Information, Liquidity and Asset Prices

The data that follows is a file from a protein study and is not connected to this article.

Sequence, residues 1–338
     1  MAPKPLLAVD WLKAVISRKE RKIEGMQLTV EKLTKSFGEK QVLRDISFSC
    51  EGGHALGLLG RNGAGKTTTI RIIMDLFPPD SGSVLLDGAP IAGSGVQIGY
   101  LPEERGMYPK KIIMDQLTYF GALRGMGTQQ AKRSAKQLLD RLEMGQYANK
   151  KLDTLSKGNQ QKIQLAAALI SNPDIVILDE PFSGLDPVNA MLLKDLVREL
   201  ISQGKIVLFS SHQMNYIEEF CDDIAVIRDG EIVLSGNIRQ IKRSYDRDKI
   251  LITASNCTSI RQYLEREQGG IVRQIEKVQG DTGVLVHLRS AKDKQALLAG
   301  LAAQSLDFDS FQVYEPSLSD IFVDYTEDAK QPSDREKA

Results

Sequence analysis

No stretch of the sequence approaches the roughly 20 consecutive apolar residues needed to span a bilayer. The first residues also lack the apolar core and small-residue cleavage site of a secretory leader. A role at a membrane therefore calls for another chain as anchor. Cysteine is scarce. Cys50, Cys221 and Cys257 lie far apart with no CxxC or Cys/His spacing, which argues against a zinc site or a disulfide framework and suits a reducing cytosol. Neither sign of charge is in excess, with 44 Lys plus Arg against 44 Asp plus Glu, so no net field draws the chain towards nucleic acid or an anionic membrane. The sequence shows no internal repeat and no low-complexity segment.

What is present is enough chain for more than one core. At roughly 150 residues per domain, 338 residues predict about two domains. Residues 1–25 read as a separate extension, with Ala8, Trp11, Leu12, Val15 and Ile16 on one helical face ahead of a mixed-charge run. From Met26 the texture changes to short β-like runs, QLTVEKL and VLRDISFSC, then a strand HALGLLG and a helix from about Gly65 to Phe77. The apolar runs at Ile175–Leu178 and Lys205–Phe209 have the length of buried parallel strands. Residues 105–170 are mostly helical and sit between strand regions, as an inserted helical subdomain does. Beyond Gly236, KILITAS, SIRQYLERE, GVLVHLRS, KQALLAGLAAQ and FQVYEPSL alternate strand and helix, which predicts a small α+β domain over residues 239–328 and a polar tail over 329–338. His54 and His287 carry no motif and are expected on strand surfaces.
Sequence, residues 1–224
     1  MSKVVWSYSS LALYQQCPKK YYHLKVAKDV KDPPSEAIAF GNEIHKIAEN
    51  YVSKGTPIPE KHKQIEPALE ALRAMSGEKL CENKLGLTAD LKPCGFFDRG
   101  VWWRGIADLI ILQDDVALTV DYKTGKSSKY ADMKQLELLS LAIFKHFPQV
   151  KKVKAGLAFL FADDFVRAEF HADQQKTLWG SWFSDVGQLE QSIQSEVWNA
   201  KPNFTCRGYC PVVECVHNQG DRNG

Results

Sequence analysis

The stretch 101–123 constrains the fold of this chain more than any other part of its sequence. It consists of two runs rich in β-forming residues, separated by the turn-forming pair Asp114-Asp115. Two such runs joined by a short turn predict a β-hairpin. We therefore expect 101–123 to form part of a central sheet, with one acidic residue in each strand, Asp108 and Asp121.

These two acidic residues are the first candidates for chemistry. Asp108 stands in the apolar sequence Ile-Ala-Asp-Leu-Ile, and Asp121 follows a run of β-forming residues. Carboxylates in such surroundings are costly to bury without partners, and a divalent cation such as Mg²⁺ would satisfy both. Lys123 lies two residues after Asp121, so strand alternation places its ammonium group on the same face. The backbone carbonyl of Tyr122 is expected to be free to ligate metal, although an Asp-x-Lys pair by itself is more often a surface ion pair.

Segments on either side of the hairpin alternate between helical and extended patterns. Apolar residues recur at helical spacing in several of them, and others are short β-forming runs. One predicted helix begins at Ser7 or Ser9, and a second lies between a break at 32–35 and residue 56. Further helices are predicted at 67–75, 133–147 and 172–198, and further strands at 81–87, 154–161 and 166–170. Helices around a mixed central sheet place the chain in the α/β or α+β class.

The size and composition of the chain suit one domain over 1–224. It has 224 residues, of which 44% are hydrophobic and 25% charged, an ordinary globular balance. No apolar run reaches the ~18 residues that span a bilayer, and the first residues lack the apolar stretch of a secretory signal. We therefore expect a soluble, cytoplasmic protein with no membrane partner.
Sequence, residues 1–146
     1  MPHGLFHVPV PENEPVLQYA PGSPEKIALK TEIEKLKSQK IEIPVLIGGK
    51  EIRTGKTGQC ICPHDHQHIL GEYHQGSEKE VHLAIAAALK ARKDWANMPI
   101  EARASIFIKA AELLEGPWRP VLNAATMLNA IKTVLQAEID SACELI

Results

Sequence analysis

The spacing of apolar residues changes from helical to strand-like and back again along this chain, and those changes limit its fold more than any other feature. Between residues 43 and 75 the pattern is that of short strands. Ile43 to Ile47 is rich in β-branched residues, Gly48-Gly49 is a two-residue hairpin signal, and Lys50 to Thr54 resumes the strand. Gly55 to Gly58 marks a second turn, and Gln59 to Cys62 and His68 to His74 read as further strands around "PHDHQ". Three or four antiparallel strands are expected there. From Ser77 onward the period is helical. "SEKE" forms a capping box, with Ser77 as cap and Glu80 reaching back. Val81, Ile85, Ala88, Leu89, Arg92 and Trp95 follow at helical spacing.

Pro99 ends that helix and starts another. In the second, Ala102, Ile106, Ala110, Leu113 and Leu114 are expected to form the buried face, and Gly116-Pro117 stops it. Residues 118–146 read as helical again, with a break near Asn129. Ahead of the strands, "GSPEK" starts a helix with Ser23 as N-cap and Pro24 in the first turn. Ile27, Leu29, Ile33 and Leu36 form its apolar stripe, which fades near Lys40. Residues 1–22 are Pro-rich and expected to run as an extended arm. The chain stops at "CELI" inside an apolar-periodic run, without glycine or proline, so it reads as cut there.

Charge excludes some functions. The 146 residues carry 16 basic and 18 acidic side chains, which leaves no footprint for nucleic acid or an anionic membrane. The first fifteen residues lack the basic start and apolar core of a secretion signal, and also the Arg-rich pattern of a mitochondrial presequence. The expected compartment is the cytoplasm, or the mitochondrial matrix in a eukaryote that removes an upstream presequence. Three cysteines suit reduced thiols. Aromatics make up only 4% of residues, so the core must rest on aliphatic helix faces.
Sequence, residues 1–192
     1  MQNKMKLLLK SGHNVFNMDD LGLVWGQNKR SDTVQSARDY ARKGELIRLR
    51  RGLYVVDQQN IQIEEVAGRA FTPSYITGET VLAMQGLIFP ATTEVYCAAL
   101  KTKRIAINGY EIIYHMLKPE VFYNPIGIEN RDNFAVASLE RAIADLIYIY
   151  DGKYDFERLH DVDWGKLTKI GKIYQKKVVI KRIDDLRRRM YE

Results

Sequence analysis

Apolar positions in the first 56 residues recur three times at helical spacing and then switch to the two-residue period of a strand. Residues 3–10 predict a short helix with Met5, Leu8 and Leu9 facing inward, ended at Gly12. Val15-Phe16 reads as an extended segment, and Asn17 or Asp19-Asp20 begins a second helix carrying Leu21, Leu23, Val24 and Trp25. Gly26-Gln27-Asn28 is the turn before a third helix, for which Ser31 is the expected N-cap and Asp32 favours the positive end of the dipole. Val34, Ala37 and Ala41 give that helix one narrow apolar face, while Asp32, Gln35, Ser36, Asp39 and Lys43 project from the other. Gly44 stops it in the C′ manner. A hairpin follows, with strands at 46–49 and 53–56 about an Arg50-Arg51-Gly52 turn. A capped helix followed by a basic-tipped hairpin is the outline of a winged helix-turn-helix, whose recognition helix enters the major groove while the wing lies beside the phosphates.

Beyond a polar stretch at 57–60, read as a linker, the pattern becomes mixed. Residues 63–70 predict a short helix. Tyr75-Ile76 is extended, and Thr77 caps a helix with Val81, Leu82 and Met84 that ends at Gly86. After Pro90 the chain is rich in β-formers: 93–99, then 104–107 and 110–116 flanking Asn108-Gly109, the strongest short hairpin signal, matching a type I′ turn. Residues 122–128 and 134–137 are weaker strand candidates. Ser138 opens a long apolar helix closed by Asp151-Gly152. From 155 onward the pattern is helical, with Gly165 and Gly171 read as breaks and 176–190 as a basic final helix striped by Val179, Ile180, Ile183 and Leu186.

We study economies with multiple assets that are valued both for their return and liquidity. Exchange occurs in decentralized markets with frictions making a medium of exchange essential. Some assets are better suited for this role because they are more liquid - more likely to be accepted in trade - even if they have a lower return. The reason assets are more or less likely to be accepted is modeled using informational frictions, or recognizability. While everyone understands e.g. what currency is and what it is worth, some might be less sure about other claims. In our model, agents who do not recognize assets do not accept them in trade. Recognizability is endogenized by letting agents invest in information, potentially generating multiple equilibria with different liquidity. We discuss implications for asset pricing and for monetary policy. In particular, we show explicitly that what may look like a cash-in-advance constraint is not invariant to policy interventions or other changes in the economic environment.

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